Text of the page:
As New York, New Jersey, Massachusetts, Illinois and California continue to experience high infection rates due to this pandemic, it should not be surprising that the prisons in your states have been incubators for COVID-19. Recent reporting has identified tragic and preventable cases of incarcerated people who could have been released but weren’t due to inaction. In New York, Darlene “Lulu” Benson-Seay became the first woman to die of COVID-19 in the state’s correctional system, days after the first woman, Andrea Circle Bear, died in federal custody after giving birth while on ventilator. In Massachusetts, more than 70 women at Massachusetts Correctional Institute - Framingham have contracted the virus, accounting for an infection rate of 35 percent, and putting these individuals at greater risk for serious illness.  It should be noted that nearly 80 percent of women in jail are mothers and often the primary caretakers of minor children, making the likelihood of serious illness even more devastating as it could potentially leave many children without a parent. Even more worrisome, in California, the number of COVID-19 cases has nearly tripled over the last two weeks. It is also crucial that we take the personal health and safety of correctional staff into consideration when it comes to decarceration as the current conditions have caused many to contract the virus and placed their families and communities at risk as they come in and out of these facilities each day.

Additionally, this pandemic has already had a devastating effect on our economy ─ an effect felt most acutely by frontline workers and low-income communities. Like you, we are eager to restart the economy, but we also know it would be irresponsible to allow businesses to reopen until we have successfully flattened the curve. The reality is that we cannot flatten the curve while we continue to allow overcrowded prisons, jails, and detention centers to be vectors of infections. Our economic well-being is tied directly to controlling the spread of the coronavirus within these facilities and we cannot control the spread unless and until we decarcerate.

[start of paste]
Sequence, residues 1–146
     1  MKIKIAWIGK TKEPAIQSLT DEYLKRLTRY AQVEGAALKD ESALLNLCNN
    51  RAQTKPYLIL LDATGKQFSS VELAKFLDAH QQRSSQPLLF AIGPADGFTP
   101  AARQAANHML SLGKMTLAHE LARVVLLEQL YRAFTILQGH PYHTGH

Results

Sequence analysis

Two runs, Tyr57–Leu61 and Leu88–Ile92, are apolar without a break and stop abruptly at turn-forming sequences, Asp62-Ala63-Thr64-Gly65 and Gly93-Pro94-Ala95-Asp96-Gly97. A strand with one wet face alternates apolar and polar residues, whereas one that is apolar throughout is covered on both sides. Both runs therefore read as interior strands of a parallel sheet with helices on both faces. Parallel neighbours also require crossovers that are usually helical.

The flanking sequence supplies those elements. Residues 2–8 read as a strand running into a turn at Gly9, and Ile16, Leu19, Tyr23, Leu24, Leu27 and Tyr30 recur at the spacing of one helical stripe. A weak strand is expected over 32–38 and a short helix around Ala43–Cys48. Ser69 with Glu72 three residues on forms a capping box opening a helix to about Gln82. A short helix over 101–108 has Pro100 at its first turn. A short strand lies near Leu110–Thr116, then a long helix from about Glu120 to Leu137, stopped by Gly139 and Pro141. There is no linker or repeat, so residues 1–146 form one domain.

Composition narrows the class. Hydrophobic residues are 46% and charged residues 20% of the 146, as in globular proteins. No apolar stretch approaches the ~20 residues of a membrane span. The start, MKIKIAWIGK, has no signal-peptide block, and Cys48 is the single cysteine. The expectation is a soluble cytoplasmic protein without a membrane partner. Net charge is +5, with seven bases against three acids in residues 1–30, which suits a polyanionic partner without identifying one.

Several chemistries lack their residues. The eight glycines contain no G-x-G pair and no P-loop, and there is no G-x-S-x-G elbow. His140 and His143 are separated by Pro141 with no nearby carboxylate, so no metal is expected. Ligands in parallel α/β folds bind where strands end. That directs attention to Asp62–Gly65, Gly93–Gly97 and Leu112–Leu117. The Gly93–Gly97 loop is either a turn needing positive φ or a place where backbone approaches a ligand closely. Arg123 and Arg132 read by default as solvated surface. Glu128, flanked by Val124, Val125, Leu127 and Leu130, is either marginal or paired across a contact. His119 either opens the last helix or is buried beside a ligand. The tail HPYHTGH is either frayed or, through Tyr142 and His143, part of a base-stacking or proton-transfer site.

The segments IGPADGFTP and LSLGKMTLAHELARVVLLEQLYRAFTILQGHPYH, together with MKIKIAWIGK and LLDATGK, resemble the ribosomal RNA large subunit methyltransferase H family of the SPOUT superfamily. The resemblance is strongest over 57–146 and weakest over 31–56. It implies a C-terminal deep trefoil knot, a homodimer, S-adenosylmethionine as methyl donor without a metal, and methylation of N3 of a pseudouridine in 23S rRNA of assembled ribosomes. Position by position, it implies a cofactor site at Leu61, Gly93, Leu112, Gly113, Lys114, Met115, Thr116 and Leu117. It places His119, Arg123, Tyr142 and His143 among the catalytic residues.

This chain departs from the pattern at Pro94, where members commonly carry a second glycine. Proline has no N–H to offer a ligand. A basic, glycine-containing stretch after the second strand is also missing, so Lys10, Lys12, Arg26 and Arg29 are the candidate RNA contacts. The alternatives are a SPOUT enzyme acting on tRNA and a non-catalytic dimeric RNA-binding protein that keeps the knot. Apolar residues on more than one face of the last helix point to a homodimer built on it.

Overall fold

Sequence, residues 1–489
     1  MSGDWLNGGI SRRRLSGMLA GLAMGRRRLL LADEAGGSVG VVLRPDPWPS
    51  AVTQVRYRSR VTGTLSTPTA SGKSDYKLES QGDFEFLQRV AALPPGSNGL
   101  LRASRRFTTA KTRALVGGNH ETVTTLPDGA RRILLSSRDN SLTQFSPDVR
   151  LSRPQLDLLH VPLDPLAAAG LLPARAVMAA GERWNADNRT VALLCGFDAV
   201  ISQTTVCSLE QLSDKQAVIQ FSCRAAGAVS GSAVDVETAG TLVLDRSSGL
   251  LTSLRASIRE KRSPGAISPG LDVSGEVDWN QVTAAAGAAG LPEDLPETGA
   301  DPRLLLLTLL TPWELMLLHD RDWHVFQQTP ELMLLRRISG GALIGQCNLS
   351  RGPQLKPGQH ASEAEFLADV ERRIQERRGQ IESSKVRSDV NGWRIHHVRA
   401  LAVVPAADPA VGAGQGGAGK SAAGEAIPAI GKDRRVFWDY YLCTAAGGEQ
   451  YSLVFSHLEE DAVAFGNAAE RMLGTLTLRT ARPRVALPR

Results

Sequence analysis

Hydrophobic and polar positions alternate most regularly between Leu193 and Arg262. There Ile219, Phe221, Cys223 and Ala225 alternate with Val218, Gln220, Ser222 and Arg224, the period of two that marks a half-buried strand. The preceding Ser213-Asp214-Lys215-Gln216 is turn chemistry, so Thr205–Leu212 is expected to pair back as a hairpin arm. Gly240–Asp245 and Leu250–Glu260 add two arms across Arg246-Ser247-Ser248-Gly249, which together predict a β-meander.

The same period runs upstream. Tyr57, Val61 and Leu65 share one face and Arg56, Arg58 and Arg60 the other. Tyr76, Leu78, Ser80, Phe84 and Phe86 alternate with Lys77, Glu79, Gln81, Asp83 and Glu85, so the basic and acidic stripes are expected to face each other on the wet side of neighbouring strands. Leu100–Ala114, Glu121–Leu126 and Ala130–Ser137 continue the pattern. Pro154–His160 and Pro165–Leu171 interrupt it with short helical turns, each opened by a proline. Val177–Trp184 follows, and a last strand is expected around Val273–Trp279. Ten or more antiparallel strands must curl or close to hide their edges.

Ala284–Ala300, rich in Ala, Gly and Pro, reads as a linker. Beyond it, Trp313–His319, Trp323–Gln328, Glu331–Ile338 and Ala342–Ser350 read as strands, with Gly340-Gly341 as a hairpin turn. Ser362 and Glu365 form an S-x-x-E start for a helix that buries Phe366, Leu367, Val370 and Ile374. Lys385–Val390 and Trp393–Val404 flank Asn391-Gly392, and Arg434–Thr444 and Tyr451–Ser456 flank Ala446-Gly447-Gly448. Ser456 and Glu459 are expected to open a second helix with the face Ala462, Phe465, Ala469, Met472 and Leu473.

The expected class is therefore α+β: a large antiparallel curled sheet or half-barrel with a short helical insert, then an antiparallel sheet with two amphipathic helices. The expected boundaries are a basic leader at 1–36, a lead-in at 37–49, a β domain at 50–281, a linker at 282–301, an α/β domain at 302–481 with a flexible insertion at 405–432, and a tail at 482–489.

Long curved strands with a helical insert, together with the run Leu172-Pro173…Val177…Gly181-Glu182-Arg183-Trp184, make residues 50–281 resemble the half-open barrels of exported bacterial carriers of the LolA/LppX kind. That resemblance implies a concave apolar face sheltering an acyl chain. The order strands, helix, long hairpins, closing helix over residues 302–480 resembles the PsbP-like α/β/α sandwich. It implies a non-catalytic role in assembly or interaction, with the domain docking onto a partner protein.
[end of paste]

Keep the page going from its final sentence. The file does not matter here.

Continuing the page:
As Governors you have the power to take immediate steps to avert further tragedy from taking root in our state corrections systems. We call on you to immediately use your executive clemency and emergency powers to grant release of adults aged 50 and older, medically vulnerable populations with underlying conditions such as HIV/AIDS, diabetes, asthma, and heart disease, pregnant individuals, juveniles, and individuals with less than 1 year left on their sentence, irrespective of the offense and who don’t pose a reasonable risk to public safety. You are uniquely situated to intervene on behalf of the communities we serve, and to exemplify the values of humanity and compassion that motivate us and that our constituents look to us to uphold. Decarceration is not just the most meaningful preventive measure, but an urgent necessity to avoid suffering and death for numbers of elders and other vulnerable incarcerated people.

As the chief executives of our nation’s state prison systems, which account for about 90 percent of the incarceration population, you are more suited than any and all other public officials in the United States to promote life-saving solutions to curb this pandemic’s impact on vulnerable members of our society. We strongly urge you to start commuting sentences immediately as a measure to protect all of us, including the most vulnerable. The COVID-19 pandemic doesn’t need to be a death sentence for the individuals and staff in our state corrections and detention systems. Each of you has the power to stop this preventable tragedy from being even more devastating and we implore you to do so with the urgency necessary to match the scale of this unprecedented public health crisis.

Sincerely,